Republicans: Dems threatening move to end Kavanaugh hearing early

Republicans: Dems threatening move to end Kavanaugh hearing early
© Greg Nash

The final day of questioning of President TrumpDonald John TrumpLawmakers prep ahead of impeachment hearing Democrats gear up for high-stakes Judiciary hearing Warren says she made almost M from legal work over past three decades MORE’s Supreme Court nominee may be cut short Thursday.

Senate Judiciary Chairman Sen. Chuck GrassleyCharles (Chuck) Ernest GrassleyOvernight Health Care — Presented by Johnson & Johnson – House progressives may try to block vote on Pelosi drug bill | McConnell, Grassley at odds over Trump-backed drug pricing bill | Lawmakers close to deal on surprise medical bills GOP senators request interview with former DNC contractor to probe possible Ukraine ties Congressional leaders unite to fight for better future for America's children and families MORE (R-Iowa) said Democrats had invoked a Senate rule to end Brett Kavanaugh's confirmation hearing. 

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"I've been told that the Senate minority leader or someone on the Democratic Party has invoked the two-hour rule. So, if the two-hour rule is invoked nobody on this committee is going to have an opportunity to do what they want to do today," Grassley said.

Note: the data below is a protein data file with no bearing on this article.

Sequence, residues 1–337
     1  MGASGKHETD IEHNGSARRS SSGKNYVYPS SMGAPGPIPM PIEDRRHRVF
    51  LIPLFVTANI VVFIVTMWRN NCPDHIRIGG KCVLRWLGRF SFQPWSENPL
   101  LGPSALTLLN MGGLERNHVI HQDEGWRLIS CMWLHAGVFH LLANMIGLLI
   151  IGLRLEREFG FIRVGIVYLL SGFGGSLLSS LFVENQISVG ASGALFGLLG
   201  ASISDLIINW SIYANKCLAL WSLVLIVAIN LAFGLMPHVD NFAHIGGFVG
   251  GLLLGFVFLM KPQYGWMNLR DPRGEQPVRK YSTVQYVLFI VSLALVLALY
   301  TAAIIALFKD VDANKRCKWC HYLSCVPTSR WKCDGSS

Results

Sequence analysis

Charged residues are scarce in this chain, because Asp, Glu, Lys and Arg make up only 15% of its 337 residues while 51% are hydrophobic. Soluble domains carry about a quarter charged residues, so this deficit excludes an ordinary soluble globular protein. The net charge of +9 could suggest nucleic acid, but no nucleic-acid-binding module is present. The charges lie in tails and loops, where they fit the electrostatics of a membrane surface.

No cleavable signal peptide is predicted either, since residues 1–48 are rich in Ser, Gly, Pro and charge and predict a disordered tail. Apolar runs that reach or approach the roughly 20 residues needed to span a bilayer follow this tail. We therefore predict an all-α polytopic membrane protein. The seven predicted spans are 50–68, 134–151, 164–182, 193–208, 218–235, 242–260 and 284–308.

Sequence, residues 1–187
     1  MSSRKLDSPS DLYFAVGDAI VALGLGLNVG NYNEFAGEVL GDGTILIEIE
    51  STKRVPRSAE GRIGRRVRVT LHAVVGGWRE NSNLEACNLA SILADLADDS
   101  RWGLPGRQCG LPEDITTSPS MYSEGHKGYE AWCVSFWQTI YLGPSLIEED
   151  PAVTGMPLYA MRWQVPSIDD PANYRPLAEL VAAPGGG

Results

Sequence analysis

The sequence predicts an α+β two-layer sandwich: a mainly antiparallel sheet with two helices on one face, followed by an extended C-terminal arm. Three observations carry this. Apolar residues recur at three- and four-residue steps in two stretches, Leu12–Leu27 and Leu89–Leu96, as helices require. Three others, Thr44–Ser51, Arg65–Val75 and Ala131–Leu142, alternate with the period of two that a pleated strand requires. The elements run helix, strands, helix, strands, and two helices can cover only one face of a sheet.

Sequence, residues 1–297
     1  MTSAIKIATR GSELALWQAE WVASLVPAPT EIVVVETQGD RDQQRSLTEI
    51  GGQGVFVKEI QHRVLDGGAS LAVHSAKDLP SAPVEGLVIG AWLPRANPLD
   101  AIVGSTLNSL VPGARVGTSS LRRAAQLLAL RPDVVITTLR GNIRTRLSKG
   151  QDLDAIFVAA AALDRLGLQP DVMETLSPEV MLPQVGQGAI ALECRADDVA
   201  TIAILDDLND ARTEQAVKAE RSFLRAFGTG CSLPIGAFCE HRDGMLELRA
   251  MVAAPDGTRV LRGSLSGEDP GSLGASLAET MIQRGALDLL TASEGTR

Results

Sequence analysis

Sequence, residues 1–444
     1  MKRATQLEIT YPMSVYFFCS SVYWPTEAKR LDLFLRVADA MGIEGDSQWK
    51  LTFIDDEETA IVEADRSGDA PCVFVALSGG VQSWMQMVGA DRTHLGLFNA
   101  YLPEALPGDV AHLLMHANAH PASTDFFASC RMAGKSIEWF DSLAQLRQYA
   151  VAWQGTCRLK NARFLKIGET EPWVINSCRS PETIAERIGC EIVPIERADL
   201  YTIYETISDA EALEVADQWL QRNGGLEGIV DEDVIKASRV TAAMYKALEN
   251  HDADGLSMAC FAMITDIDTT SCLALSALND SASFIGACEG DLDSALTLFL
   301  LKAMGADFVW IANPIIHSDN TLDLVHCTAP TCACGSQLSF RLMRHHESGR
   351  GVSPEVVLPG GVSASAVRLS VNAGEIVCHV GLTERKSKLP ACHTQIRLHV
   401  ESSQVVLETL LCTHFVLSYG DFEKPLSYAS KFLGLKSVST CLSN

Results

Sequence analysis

"It’s the last day he’s going to be here and so I hope you don’t invoke the two-hour rule."

Under the Senate rules, committees can't hold hearings for more than two hours while the Senate is in session without unanimous consent. 

The Senate comes into session at noon. If Democrats invoke the two-hour rule, the committee would have to break up its hearing by about 2 p.m.   

Grassley said the minority would likely object to Republican's request for unanimous consent for the committee to continue its work.

A spokesperson for Senate Minority Leader Charles SchumerCharles (Chuck) Ellis SchumerOvernight Health Care — Presented by Johnson & Johnson — Democrats call on Supreme Court to block Louisiana abortion law | Michigan governor seeks to pause Medicaid work requirements | New front in fight over Medicaid block grants House, Senate Democrats call on Supreme Court to block Louisiana abortion law Why a second Trump term and a Democratic Congress could be a nightmare scenario for the GOP MORE (D-N.Y.) told The Hill, "Stay tuned."

Senate Majority Leader Mitch McConnellAddison (Mitch) Mitchell McConnellKey House and Senate health leaders reach deal to stop surprise medical bills Biden: 'No party should have too much power' Overnight Energy: Pelosi vows bold action to counter 'existential' climate threat | Trump jokes new light bulbs don't make him look as good | 'Forever chemicals' measure pulled from defense bill MORE (R-Ky.) could adjourn the Senate sessions to get around the rule and allow the hearing to continue.

Democrats forced Republicans to adjourn Wednesday to protest Republicans' withholding of documents relating to Kavanaugh’s time in the White House under George W. Bush.

Jordain Carney contributed.